environment, whereas increases in C–H stretching band intensity may be due to increasing polarity at highly acidic and alkaline pH conditions (Bouraoui et al., 1997). Estimation of the secondary structure composition in rice globulin using the RSAP program (Table 2) also shows a marked decrease in a-helical content and an increase in random coil and b-sheet structures under highly alkaline condition, whereas the changes in secondary structures under acidic condition were less pronounced. The intensity of tryptophan band (755 cmK1) was stable between pH 5 and 9, but increased at extremes of pH (Fig. 3). This indicates decreased exposure of tryptophan aromatic residues when the solution changes from neutral to acidic or alkaline pH (Li-Chan, 1996a,b). Moreover, the drop in intensity ratio of the tyrosine Fermi doublets (854/ 830 cmK1) at extreme pHs (Fig. 3) suggests either a decrease in exposure or an increase in involvement of some tyrosine residues as strong hydrogen bond donors (Li-Chan, 1996a, b). The S–S vibration was prominent at alkaline pH with a marked intensity increase and shifting of the band position from 512 to 540 cmK1. The data suggest a conformational transition of disulfide bonds from gauche– gauche–gauche to the trans-gauche-trans conformation under highly alkaline pH. However, the increased intensity of Raman band near 530 cmK1 could also be attributed to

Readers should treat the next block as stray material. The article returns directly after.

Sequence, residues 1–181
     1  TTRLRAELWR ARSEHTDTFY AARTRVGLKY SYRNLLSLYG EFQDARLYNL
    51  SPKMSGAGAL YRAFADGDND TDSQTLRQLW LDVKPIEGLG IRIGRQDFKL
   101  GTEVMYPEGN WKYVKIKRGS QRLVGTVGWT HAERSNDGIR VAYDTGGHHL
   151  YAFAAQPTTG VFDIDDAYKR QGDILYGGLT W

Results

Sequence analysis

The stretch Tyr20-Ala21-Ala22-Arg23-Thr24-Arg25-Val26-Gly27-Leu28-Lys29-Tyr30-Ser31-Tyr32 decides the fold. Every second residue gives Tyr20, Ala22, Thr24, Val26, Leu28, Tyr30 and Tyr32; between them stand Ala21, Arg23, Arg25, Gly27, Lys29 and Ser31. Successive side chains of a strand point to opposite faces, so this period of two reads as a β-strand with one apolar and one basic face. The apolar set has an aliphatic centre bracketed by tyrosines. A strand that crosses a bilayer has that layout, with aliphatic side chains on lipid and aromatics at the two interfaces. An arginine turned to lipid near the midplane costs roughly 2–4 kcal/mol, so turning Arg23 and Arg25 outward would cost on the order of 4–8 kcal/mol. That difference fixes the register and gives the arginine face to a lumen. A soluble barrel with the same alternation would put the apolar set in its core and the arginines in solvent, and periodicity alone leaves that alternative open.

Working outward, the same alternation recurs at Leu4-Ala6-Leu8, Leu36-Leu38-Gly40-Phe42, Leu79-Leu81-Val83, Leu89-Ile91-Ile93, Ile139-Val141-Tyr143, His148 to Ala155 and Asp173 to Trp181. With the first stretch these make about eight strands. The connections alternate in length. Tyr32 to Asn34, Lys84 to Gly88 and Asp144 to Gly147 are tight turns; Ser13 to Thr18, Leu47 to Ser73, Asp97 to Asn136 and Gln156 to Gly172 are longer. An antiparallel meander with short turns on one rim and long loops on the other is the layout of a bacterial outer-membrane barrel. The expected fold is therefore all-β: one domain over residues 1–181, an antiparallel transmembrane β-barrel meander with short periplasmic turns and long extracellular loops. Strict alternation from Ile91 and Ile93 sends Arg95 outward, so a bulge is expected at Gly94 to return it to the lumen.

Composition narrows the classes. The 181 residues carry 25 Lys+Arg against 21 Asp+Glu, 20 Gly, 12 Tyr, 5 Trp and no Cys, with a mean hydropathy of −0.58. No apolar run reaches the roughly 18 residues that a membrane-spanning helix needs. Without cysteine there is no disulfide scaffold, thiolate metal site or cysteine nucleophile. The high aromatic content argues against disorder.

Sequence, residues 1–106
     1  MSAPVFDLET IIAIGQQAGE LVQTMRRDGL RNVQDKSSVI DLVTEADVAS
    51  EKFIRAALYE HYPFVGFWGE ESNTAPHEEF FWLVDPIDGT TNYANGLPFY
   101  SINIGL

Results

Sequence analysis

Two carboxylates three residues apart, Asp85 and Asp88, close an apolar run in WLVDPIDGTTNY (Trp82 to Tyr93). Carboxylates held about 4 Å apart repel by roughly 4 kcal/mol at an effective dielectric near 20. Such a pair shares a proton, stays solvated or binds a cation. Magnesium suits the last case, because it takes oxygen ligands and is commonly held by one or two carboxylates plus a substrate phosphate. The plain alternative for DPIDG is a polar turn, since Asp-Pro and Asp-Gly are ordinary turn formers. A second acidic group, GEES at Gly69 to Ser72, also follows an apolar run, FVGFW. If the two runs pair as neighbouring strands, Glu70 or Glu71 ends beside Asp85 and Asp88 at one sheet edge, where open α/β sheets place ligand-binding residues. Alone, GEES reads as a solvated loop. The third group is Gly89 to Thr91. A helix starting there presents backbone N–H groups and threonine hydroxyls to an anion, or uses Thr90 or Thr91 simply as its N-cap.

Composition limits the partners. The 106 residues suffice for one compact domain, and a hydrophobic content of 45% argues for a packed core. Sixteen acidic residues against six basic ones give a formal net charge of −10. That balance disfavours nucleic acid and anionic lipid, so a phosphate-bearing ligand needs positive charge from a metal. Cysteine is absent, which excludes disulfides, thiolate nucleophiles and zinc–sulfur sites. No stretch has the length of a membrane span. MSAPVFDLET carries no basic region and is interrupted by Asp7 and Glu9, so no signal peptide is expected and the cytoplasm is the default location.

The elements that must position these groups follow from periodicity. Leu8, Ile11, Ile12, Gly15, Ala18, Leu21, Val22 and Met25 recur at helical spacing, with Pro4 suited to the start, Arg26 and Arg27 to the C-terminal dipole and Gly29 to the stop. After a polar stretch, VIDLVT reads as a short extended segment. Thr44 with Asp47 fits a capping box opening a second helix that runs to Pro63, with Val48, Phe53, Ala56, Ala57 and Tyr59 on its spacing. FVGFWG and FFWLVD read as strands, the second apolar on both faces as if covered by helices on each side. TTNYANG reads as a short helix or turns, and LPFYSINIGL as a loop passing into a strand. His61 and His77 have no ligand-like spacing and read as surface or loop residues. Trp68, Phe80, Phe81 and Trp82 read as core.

Table 2 Secondary structure composition of rice globulin under selected conditions estimated by Raman Spectral Analysis Package (RSAP) Treatment Control (pH 6.7) pH 3 pH 7 pH 11 Heating 10 min 30 min 60 min a

a-Helix

b-Sheet

b-Turn

Random

0.41G0.04 0.26G0.02 0.42G0.04 0.21G0.02

0.22G0.02 0.35G0.01 0.22G0.02 0.32G0.03

0.20G0.01 0.14G0.01 0.18G0.02 0.18G0.06

0.17G0.01 0.12G0.01 0.18G0.02 0.29G0.03

0.35G0.04 0.28G0.02 0.20G0.01

0.27G0.02 0.32G0.04 0.31G0.03